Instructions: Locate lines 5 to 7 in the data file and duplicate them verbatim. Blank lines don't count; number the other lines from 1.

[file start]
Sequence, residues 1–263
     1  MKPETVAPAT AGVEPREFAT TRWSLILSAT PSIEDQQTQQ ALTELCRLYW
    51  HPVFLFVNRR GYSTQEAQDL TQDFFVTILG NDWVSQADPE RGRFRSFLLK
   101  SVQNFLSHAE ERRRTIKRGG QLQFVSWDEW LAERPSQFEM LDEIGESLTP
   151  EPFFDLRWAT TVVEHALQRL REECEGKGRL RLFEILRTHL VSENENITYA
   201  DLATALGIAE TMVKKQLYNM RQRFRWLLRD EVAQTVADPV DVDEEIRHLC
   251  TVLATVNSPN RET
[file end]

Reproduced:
   151  EPFFDLRWAT TVVEHALQRL REECEGKGRL RLFEILRTHL VSENENITYA
   201  DLATALGIAE TMVKKQLYNM RQRFRWLLRD EVAQTVADPV DVDEEIRHLC
   251  TVLATVNSPN RET